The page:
The short answer is “But of course!” After all, there is only so much control one can have over another person. As I’ve said before in jest “You can break someone’s leg but you can’t make them hate it.” Some may conclude this question and the answer I offer is above my paid grade. I’m not a psychologist nor a pastor/priest. True, I’ve completed seminary but I don’t work in a profession that would claim to provide adequate counsel in this space. All I can claim is that I am a parent and a grandparent. That in itself does not “qualify” me, but it could give me some insights that otherwise I would not have. So here are a few principles, none of which I would fight for but all of which I embrace….for now. (Caveat: I recognize there are exceptions to these principles.)
- Letting your child decide without any direction will likely yield a child who decides no religion is worth the time or effort. After all, children really do adopt many of the values of their parents and if parents don’t value religion (in reality, not just ideally), then it’s highly likely that children will become indifferent to it. Think about it. If parents let their child decide for themselves whether or not eating healthy and exercise is something they should value, but parents are consistently overweight, tired, have no active life outside the home and TV, then what are the chances that their children will value eating healthy food and exercising? Monkey see, monkey do.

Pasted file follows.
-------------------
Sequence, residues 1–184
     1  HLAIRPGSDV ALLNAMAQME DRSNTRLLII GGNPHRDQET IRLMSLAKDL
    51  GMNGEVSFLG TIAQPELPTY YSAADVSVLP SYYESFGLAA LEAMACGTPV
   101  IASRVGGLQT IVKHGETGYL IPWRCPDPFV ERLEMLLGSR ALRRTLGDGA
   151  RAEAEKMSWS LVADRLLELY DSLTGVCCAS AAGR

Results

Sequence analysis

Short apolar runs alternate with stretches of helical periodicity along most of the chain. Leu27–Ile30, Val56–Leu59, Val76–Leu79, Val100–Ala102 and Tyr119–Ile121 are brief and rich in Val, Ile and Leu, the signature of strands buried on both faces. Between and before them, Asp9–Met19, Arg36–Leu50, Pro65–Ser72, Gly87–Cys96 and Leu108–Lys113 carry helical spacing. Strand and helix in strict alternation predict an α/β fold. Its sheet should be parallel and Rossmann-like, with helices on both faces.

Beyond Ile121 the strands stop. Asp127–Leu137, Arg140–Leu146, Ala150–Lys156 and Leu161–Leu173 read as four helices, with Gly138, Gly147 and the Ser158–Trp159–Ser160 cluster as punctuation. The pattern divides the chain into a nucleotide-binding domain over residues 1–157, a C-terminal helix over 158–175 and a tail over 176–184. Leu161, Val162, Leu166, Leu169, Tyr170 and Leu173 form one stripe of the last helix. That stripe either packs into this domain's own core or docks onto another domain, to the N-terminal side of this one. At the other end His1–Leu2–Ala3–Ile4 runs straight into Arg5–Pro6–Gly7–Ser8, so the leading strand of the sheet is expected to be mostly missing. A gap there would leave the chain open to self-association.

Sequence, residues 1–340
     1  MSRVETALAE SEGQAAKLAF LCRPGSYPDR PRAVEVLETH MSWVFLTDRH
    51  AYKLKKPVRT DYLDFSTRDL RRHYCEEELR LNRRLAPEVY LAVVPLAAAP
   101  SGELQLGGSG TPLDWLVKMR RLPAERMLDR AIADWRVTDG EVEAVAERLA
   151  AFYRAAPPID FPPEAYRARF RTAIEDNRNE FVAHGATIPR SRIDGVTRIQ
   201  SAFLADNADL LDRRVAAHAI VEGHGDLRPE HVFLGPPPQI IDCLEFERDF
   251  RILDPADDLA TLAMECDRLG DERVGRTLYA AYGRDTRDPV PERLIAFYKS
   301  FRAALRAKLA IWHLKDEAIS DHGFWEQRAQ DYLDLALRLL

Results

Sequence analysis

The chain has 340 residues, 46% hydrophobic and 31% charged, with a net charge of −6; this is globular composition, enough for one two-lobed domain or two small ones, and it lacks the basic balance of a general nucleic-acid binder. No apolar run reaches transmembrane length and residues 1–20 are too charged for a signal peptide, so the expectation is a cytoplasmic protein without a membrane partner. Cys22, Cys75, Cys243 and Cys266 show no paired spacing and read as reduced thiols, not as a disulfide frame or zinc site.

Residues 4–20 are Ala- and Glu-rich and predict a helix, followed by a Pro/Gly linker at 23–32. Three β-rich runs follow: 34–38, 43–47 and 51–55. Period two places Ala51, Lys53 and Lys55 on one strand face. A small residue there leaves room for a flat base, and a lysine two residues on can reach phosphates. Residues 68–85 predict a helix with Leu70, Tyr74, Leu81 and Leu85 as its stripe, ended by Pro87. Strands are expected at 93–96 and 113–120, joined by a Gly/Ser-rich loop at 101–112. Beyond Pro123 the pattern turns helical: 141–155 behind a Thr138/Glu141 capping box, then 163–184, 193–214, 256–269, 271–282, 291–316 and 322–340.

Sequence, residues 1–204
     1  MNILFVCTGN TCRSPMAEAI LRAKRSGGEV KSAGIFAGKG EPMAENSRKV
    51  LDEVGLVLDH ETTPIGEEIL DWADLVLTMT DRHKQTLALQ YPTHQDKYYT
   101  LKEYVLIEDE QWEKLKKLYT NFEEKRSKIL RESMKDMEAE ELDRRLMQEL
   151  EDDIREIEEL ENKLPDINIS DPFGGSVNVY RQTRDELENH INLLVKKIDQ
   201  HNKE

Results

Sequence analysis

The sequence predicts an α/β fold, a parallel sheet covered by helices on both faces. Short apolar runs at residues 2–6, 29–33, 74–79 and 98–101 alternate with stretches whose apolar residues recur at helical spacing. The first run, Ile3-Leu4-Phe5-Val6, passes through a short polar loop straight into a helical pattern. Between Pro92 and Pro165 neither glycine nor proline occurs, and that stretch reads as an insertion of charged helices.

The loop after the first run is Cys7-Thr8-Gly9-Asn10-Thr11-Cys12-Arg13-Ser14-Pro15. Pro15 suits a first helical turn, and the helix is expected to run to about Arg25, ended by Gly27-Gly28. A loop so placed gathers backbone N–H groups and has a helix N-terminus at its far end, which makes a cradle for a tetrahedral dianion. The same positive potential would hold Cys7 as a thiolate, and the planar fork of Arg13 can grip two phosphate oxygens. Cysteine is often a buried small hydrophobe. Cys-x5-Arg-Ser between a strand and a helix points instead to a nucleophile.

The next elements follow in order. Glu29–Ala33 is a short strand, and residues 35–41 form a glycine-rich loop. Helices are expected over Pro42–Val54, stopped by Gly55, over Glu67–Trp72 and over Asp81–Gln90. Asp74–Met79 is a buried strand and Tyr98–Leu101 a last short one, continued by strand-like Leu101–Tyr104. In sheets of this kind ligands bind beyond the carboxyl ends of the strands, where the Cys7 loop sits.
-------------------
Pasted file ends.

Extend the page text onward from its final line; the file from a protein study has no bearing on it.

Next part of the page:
- Despite our best efforts, parents do not control the outcome but do influence it. Let’s face it. Even when a child grows up in a highly religious home there are no guarantees that child will remain committed to the religious tradition of the parents. That said, the deposit made in the first 18 or so years of a child’s life will likely yield some result in the same direction of that religious bent expressed while in the home.
My experience is that out of all the available religious offerings the world has offered, the Christian religious worldview is the most comprehensive. It provides the clearest lens through which to interpret and experience our world. After the spirit of E. J. Carnell and Francis Schaeffer, Christianity is logically consistent, empirically adquate, and existentially viable. In other words, it makes sense in my head, fits the facts of the material world as I understand them, and can be lived with consistently.
What do you think?